Barnes, Arizona’s ultra-successful head coach, has the longest WNBA career span of former Wildcats with seven seasons lasting from 1998 to 2004.
Davellyn Whyte’s career lasted only 31 games of one season with San Antonio despite her second-round selection in 2013. An ACL tear in her right knee before the 2014 season derailed her WNBA career. She later played briefly in France.
While Arizona went the last seven years without having a former player in the WNBA, UConn led all colleges with its 16 former players in the league last season. That makes Arizona’s win over Geno Auriemma’s program in the Final Four that much more impressive.
The difference was McDonald in the 69-59 win.
She finished with 26 points, seven rebounds and two steals.
“She just dominated the entire game start to finish,” Auriemma said. “We pride ourselves on being pretty good at certain things.
“We had no answer for her.”
Hillary Clinton said of McDonald in the Hysteria podcast, “She’s amazing,” although she did admit she cheered for Stanford in the title game because her daughter Chelsea and son-in-law Marc Mezvinsky are Stanford graduates.
“We were thrilled by Arizona,” Clinton said. “Also loved the confidence and the energy of these young women. Both coaches were so in there and saying, ‘We’re going to do this,’ and ‘Come on, you can make it.’ It goes down to (McDonald’s) buzzer shot … I thought it was a great game.”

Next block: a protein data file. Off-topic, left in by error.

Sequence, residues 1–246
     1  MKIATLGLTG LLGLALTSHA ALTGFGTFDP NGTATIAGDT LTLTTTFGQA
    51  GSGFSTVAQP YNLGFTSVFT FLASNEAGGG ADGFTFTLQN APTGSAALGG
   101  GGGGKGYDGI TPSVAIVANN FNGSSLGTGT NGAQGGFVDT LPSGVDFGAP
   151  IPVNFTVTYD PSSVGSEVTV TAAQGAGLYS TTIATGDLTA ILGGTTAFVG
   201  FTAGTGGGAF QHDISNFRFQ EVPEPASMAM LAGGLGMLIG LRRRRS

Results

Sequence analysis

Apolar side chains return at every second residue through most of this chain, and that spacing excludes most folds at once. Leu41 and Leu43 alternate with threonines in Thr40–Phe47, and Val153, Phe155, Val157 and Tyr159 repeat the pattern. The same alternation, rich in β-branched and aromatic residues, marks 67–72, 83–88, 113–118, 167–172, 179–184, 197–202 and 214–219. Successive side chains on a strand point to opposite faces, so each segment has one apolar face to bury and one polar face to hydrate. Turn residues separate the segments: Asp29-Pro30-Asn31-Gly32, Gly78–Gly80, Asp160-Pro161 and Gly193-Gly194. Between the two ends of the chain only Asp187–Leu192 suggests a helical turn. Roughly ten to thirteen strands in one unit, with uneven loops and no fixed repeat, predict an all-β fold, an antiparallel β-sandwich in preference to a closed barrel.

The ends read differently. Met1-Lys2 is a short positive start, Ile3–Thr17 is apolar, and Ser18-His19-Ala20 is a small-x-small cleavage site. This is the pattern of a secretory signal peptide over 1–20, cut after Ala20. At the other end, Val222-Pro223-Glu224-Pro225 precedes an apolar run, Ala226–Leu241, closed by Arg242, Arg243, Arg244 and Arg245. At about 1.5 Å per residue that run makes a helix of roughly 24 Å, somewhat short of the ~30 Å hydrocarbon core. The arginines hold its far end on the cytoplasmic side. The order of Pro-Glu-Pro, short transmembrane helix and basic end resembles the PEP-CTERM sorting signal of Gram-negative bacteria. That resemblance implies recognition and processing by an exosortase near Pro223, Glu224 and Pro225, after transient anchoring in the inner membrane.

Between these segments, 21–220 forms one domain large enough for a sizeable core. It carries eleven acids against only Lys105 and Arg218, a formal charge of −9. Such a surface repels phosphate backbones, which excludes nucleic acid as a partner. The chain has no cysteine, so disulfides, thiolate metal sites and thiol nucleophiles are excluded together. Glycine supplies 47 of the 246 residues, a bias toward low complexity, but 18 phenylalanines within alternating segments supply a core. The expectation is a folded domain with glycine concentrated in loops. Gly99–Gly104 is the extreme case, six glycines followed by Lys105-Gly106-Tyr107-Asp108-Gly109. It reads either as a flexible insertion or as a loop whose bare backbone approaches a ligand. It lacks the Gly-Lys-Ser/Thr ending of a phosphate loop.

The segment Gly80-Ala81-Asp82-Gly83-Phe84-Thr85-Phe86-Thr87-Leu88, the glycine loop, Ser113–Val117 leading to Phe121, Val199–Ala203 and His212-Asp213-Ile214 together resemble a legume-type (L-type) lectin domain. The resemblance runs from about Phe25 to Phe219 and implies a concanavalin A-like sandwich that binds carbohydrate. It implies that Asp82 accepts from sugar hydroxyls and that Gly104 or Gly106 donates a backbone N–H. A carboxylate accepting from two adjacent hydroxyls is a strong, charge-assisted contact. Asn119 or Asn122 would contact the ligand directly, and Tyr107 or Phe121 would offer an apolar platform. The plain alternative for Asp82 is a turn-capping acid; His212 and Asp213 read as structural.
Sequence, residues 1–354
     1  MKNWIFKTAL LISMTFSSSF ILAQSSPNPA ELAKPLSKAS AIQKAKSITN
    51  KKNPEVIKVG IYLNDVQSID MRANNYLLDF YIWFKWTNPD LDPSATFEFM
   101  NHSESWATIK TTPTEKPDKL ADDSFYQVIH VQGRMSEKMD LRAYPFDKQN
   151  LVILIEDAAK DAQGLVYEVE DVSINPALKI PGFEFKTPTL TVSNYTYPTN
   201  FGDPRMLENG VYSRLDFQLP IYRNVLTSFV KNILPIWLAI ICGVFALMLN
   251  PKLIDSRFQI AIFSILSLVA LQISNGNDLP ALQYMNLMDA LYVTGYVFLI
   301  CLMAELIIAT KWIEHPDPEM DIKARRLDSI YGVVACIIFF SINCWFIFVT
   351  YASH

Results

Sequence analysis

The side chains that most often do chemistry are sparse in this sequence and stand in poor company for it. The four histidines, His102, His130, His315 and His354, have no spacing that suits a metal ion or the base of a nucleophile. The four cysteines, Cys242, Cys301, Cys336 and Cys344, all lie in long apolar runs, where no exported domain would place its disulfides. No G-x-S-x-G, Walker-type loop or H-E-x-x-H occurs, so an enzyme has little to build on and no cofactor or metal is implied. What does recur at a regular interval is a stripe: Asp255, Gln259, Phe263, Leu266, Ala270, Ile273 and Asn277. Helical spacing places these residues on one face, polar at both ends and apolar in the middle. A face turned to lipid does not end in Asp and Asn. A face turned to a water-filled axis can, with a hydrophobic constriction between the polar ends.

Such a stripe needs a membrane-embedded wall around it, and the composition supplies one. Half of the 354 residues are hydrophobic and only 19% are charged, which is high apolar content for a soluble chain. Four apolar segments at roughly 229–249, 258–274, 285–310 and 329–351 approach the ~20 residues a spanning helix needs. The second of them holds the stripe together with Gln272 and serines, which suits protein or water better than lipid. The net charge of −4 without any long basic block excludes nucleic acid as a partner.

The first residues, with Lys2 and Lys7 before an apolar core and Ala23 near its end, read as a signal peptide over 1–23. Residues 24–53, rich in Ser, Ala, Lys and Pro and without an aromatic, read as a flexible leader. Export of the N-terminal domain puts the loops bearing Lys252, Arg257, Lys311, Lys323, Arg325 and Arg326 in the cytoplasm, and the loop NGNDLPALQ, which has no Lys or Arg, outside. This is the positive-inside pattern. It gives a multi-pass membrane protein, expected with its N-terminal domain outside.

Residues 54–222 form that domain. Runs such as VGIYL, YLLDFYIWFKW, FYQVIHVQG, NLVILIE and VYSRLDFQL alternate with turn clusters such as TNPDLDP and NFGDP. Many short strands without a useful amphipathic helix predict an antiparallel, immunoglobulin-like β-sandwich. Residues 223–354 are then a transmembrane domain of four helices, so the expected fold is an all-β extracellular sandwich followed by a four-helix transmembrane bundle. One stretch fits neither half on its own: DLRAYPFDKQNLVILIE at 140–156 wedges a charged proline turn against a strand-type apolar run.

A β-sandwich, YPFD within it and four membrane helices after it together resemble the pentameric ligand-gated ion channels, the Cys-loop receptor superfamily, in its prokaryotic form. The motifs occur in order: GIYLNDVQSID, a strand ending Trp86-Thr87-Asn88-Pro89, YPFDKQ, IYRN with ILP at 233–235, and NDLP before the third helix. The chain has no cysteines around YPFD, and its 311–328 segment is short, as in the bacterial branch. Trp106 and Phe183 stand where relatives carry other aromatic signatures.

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ALLSPORTSTUCSON.com publisher, writer and editor Javier Morales is a former Arizona Press Club award winner. He is a former Arizona Daily Star beat reporter for the Arizona basketball team, including when the Wildcats won the 1996-97 NCAA title. He has also written articles for CollegeAD.com, Bleacher Report, Lindy’s Sports, TucsonCitizen.com, The Arizona Republic, Sporting News and Baseball America, among many other publications. He has also authored the book “The Highest Form of Living”, which is available at Amazon. He became an educator five years ago and is presently a special education teacher at Gallego Fine Arts Intermediate in the Sunnyside Unified School District.